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Tom Head

The Habeas Corpus Debate

By July 16, 2007

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Background: The Sixth Amendment

"[T]he biggest challenge is finding a statutory basis for holding prisoners who should never be released and who may or may not be able to be put on trial."
-- Robert Gates, U.S. Secretary of Defense

"The privilege of the writ of habeas corpus shall not be suspended, unless when in cases of rebellion or invasion, the public safety may require it."
-- U.S. Constitution, Article I, Section 9

"In all criminal prosecutions, the accused shall enjoy the right to a speedy and public trial, by an impartial jury of the State and district wherein the crime shall have been committed, which district shall have been previously ascertained by law, and to be informed of the nature and cause of the accusation; to be confronted with the witnesses against him; to have compulsory process for obtaining witnesses in his favor, and to have the Assistance of Counsel for his defence."
-- The Sixth Amendment to the U.S. Constitution

What's wrong with this picture?

In an editorial published yesterday, the New York Times called on Congress to pass the Leahy-Specter bill, S.A. 2022, which would end the Bush administration's policy of detaining accused terrorists without trial. The way this has been described in the press is that the bill would "shut down Guantanamo Bay," but this is not at all correct; Guantanamo Bay Naval Base and its associated prisons would remain operational. There would just be far fewer people imprisoned there, and new prisoners would need to be processed in a manner consistent with U.S. criminal justice standards.

Let's be blunt: It isn't really fashionable to free suspected terrorists right now. There's a new Osama bin Laden remix video making the rounds, intelligence experts suspect a new terrorist attack could be imminent, and we're talking about releasing people who, in the eyes of the Bush administration, may be associated with terrorist organizations. On the face of it, this is really, really bad timing.

But the truth of the matter is that the terrorist threat is never going away. The "war on terror" is no more winnable than the "war on crime." The more our military technology advances, the more plausible it will be for individuals or small groups to get their hands on that technology and kill us with it. We can address these dangers if we adequately fund foreign intelligence agencies, halt or slow down the proliferation of weapons of mass destruction, destroy organized global terrorist networks, put pressure on foreign governments to distance themselves from terrorist groups, adapt security standards to take into account the possibility of terrorist attacks, and prosecute known terrorists to the fullest extent of the law.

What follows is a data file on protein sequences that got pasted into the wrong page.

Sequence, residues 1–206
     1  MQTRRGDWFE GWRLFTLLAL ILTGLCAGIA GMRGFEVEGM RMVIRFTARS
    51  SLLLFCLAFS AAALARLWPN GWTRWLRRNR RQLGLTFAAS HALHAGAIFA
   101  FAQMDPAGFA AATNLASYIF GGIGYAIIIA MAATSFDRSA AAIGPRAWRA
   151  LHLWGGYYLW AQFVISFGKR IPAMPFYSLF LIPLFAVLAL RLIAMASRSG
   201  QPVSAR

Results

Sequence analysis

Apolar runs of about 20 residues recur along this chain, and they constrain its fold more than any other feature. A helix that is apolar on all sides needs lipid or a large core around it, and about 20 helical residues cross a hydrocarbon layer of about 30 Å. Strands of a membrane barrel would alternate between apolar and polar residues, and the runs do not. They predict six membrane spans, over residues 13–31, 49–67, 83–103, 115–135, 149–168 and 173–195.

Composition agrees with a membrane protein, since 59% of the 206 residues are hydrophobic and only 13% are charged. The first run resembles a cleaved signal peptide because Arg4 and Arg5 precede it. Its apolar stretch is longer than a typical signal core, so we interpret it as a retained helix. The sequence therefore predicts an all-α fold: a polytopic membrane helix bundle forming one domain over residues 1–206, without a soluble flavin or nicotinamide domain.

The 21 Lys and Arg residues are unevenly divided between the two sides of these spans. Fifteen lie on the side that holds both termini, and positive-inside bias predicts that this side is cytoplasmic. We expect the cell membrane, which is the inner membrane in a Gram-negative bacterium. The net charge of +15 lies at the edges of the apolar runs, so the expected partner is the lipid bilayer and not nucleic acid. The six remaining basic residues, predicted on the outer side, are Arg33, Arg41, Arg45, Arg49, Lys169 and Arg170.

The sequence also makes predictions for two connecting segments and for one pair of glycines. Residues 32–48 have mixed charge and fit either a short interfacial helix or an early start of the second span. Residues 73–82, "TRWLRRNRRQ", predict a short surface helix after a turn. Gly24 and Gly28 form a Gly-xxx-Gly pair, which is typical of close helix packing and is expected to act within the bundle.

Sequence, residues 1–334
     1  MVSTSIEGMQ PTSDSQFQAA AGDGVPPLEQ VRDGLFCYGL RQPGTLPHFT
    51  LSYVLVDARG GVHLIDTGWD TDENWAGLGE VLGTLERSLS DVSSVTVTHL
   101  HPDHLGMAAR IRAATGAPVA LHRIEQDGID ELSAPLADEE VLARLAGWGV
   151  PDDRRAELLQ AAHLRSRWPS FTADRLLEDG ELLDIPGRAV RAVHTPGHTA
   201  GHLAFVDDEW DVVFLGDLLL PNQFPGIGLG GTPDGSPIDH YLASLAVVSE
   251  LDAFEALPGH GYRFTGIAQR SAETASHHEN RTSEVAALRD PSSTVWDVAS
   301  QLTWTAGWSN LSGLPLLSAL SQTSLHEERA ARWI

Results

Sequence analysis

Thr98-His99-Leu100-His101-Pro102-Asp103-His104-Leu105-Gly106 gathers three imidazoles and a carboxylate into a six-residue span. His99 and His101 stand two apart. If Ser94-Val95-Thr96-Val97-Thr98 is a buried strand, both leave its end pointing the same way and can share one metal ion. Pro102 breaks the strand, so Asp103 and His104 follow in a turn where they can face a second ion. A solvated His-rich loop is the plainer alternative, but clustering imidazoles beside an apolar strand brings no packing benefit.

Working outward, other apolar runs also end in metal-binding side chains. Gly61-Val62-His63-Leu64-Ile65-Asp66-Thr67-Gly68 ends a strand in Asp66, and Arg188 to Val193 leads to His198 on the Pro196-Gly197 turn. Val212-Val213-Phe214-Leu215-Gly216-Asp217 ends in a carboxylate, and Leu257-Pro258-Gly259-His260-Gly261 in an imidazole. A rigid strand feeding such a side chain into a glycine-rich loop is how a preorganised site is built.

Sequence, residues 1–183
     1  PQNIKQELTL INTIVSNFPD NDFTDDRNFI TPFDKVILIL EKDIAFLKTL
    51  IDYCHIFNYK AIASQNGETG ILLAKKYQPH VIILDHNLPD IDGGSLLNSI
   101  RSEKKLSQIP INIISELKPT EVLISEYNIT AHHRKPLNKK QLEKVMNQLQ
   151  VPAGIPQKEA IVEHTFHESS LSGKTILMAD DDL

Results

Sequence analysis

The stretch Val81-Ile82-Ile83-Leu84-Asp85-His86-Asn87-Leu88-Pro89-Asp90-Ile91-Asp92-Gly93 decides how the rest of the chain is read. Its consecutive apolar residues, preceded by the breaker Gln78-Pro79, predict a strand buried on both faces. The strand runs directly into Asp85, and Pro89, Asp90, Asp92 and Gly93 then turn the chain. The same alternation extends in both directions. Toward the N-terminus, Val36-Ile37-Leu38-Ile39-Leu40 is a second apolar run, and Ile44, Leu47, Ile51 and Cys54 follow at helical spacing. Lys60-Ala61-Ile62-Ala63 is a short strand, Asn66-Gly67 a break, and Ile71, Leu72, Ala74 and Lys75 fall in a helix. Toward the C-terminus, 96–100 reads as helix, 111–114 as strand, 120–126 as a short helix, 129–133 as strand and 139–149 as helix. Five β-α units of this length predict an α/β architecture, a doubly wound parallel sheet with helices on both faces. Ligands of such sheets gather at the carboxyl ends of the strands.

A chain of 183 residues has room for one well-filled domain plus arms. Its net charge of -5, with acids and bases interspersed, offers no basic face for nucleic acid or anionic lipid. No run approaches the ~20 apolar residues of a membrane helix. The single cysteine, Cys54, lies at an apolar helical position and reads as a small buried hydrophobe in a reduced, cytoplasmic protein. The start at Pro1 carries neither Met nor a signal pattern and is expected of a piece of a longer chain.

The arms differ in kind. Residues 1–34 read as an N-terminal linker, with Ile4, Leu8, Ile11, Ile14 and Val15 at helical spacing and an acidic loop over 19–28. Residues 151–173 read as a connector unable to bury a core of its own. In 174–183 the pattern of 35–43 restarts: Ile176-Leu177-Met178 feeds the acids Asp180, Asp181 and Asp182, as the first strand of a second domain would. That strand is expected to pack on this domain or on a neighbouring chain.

What else can we do? Well, I suppose we can legalize torture, ban speech that criticizes the government, and give the executive branch the power to arrest and permanently detain non-citizens at will. But history suggests that these kinds of initiatives tend to create more problems than they solve, and in any case there were already plenty of European governments that operated according to these rules before our little democracy came along. A little over two centuries ago, a small group of cranky British subjects decided they'd rather try things differently. If we want to put an end to their experiment now, it's certainly within our power to do that, but it isn't something we should do lightly. We would be sending a message to the rest of the world that these human rights standards don't work. And the theocratic monarchs of the Middle East would walk up to our president, pat him on the shoulder, and say "Yes, we've been trying to tell you this for years..." No doubt this was what European monarchs told President John Adams after he signed the Alien and Sedition Acts, or President Woodrow Wilson after he authorized the Palmer Raids. "Nice idea, this whole American experiment thing, but as you can see the real world requires that governments rule with a firmer hand." Of course our government corrected itself, and now those European monarchies are liberal democracies, too.

It is an unsafe and inconvenient time to free the Guantanamo detainees, but there will never be a safe or convenient time. The question now before our leaders is whether they will do the safe and convenient thing, or live up to their own international human rights standards. We should contact them and make our views known.

But most likely they will do the safe and convenient thing. The New York Times editorial states that "[t]he Senate and then the House must pass the bill with veto-proof majorities," a scenario so improbable that endorsing it with a strident word like "must" sounds almost comical. Yes, it will pass, and yes, Bush will veto the amended defense appropriations bill. But what then? Congress caved on the Iraq War; having done that, are they really going to turn around and block defense appropriations over Guantanamo Bay? Barring that unlikely two-thirds majority scenario, or an even less likely change of heart on the part of President Bush, this amendment will be an interesting bit of political theater and little else.

And that's a shame. Maybe the Bush administration will ultimately release the detainees of its own accord. Maybe the new administration taking office in 2009 will release the detainees. But sooner or later, we will need to address this issue of executive power head on and decide what kind of rules we're going to live under in the post-terrorism age. The political pundits will say that this is the fundamental question of the 2008 election, but this issue is bigger than one election. It is an honest conversation that we need to have as citizens, independent of the partisan spin cycle.

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